Healthy Living

Weight Training for Parkinson's Patients Helps to Manage the Symptoms of the Disease

Weight Training for Parkinson's Patients Helps to Manage the Symptoms of the Disease

Key Takeaways

  • Individual's with Parkinson's disease can help to manage the symptoms by doing weight training exercises.

A recent study has shown that weight training alleviates symptoms of Parkinson’s disease like rigidity, slowness, and tremors. Parkinson’s disease is characterized by tremors, slowness, and difficulty in movement. It is a slow and progressive neurological disease. The new study shows that weight training is better than stretching and balance exercise in improving the motor symptoms of the disease. 

This study was conducted on 48 patients who had Parkinson’s disease for about seven years around the age of 59-years-old. All of them participated in weight training or other forms of exercise to improve flexibility, balance, and strength. The exercise was conducted for one hour twice a week for two years. Results show that all the participants were benefitted by the physical activity, but those who took up weight training had long-lasting benefits. Weight training improved the symptoms to the level of 7.3 points after two years in a scale that combines all the symptoms into a single score.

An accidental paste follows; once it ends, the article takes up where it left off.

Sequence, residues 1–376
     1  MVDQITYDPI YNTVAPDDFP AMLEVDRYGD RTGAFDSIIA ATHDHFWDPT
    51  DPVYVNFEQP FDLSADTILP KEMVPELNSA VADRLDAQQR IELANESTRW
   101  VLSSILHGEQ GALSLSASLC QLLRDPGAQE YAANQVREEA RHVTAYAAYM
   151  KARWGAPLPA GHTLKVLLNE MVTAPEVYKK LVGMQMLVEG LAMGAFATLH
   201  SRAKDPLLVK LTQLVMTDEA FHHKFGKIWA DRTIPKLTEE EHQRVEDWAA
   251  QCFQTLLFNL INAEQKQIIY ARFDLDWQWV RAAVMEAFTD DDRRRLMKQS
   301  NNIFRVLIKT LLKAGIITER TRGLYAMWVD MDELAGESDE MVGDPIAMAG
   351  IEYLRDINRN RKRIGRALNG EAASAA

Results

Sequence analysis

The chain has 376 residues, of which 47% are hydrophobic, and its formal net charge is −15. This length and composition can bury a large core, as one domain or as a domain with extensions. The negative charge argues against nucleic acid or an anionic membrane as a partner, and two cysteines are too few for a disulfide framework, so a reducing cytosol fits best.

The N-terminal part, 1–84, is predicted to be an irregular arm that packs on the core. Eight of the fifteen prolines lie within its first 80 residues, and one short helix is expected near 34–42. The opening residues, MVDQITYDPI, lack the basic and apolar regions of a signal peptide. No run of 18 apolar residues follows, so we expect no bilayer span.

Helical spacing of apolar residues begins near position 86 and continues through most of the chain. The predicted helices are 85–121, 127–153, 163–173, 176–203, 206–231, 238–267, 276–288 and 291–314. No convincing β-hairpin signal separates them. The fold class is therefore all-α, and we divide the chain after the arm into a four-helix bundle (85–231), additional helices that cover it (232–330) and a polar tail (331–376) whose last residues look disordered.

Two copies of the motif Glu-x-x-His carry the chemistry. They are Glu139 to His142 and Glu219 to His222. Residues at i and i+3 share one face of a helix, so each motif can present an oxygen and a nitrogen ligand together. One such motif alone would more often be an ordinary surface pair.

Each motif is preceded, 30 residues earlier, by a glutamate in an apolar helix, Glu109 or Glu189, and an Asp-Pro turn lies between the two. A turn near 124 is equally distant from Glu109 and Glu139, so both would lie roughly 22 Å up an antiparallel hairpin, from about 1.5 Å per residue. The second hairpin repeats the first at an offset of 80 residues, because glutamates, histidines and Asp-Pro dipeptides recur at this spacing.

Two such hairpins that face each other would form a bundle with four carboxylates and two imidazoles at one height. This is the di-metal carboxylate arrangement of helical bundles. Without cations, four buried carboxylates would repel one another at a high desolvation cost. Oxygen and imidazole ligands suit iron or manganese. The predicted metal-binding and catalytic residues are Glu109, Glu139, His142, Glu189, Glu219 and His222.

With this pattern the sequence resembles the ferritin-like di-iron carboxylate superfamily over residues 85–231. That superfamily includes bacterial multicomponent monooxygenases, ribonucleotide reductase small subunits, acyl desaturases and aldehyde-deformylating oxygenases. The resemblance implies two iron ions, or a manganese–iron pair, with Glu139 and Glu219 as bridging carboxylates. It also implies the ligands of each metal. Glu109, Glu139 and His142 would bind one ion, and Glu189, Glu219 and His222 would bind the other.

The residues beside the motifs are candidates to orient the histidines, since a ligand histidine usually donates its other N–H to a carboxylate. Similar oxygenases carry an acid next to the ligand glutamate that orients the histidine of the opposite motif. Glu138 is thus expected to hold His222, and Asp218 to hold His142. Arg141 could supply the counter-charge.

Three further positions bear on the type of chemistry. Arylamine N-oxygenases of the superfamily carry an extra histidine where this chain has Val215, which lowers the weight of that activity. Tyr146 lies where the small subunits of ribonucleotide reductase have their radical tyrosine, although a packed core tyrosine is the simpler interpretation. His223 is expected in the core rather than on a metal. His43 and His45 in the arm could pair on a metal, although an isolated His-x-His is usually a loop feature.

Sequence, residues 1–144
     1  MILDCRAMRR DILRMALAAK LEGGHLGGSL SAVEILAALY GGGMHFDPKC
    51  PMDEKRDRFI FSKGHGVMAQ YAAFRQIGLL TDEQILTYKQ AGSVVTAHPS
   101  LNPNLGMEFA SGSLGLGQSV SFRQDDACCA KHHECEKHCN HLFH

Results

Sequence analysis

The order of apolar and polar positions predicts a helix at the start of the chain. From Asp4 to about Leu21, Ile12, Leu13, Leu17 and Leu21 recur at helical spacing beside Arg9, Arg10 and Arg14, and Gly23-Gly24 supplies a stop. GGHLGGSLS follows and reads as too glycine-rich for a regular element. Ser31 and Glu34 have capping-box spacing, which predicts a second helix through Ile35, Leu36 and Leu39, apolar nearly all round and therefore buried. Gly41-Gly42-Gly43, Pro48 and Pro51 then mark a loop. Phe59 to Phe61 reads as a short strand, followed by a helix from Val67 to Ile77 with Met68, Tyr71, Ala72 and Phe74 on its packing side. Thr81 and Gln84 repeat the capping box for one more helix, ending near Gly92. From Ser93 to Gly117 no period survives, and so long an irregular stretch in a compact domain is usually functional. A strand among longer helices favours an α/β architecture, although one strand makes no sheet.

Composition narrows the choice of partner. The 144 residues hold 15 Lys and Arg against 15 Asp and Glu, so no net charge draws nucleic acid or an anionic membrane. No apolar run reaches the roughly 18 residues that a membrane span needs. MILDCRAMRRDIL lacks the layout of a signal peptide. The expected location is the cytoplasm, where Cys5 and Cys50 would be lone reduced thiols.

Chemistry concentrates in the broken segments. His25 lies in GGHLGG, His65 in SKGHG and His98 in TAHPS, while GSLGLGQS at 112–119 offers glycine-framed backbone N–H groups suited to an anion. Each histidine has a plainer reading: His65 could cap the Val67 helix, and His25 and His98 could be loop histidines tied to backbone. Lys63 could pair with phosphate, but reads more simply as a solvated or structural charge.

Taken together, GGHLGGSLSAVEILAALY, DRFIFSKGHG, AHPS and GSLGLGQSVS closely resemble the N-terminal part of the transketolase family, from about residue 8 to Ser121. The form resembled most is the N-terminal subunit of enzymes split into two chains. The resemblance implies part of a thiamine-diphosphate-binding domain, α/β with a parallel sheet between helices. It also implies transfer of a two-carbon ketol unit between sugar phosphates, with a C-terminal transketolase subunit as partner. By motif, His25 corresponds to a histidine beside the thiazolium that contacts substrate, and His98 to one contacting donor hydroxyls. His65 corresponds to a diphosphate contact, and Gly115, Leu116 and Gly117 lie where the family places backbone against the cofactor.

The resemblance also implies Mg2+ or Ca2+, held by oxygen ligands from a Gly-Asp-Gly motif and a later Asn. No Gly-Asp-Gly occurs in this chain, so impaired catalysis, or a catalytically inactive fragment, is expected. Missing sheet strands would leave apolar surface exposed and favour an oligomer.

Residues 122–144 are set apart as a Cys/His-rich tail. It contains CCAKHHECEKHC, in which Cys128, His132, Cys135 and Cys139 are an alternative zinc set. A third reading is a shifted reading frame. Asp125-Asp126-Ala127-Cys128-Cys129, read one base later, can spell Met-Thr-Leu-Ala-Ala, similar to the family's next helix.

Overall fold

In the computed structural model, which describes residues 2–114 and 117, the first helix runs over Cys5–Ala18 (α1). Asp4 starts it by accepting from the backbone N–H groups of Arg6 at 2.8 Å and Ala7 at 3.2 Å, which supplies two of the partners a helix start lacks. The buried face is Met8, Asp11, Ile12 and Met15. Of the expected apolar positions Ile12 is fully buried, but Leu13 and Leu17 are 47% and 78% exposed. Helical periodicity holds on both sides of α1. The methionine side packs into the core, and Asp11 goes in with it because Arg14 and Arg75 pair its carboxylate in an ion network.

Researcher Daniel Corcos, PhD, of the University of Illinois at Chicago, says that weight training is effective in improving the three cardinal symptoms of Parkinson’s disease – slowness, tremors, and stiffness. The present study shows that weight training twice a week with all the major muscle groups is helpful in relieving the symptoms. He also adds that everyone, from newly diagnosed Parkinson's patients, to advanced Parkinson’s patients, can take up weight training exercises.

According to Stuart Isaacson, the director of the Parkinson’s Disease and Movement Disorders Center of Boca Raton and an associate professor of neurology at Florida International University’s Herbert Wertheim College of Medicine in Miami, it is not what you do, but that you do something that matters in Parkinson’s disease. Since Parkinson’s affects the mobility, any form of exercise improves the condition and some form of exercise is always better than nothing at all.

Another study had shown that Tai-chi, a form of martial art, may also improve the symptoms of Parkinson’s. This martial art is better in improving balance while weight training is better in controlling symptoms like stiffness, slowness and tremors. Some researchers suggest that exercise prevents the degeneration of brain cells so that the medications work better in this case.

Issacson feels that even if a patient is unwilling to do the exercise, it should be a part of the regular routine like eating, showering or taking medications